The CCCN model was developed within the Czech healthcare system with due regard to the following key principles which can also be applied as policy recommendations:

  • The formation of the CCCN was based on a voluntary decision of healthcare providers. Political authorities favoured close collaboration among healthcare providers, but there was no compulsion to take part in the CCCN.
  • The CCCN was established not as parallel/alternative to other organisations in the chosen area, but as the preferable global model. Pre-existing cancer care facilities were never removed: rather, they improved. Thus, creation of the CCCN has not resulted in competition with other institutions.
  • Operation of the CCCN needed to be supported by new legislation, so that hospitals that participate could do so legally. The legal framework also makes it possible to centralise processing of clinical data: initially one of the major obstacles to be overcome.
  • The CCCN does not comprise only the hospital sector, but also diagnostic centres, primary care providers and palliative care units. This is facilitated by a common information system. Cancer research and educational facilities are also included.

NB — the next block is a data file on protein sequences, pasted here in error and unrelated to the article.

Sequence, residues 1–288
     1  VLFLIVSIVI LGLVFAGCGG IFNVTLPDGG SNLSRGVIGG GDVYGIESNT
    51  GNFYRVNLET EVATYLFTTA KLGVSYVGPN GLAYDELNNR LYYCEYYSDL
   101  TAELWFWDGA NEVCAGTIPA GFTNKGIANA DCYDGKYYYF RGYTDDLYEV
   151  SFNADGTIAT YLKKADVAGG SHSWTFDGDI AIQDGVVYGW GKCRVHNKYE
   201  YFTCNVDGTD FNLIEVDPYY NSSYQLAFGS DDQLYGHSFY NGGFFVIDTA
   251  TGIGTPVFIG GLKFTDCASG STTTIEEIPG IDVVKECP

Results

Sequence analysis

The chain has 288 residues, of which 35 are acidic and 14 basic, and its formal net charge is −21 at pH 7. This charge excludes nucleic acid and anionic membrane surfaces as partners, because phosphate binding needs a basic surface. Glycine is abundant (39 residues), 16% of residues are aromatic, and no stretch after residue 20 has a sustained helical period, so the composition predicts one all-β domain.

• A legally binding written agreement has been signed by the institutions that form the CCCN, defining its organisation and governance. There is a shared system of multidisciplinary cancer management teams, common clinical protocols to which all must adhere, a common information system, and a common database supporting a unified quality assurance system.

The objectives of the information system of the CCCN include the following: identification of inequalities in care; feedback control of effectiveness of interventions supporting equity; population-based quantification of outcomes using uniform performance indicators.

Overview of healthcare

The overall structure of healthcare in SW Moravia (the Vysočina Region and the South Moravian Region) corresponds to healthcare in the entire territory of the Czech Republic. There is a network of primary healthcare providers (namely general practitioners for adults, general practitioners for children and adolescents, gynaecologists and other outpatient specialists), cancer screening centres, providers of acute and long-term inpatient care, and last but not least providers of palliative care. These facilities are established by the Ministry of Health of the Czech Republic (university hospitals and the Masaryk Memorial Cancer Institute), by individual regional authorities (regional hospitals and district hospitals), or by private sector entities.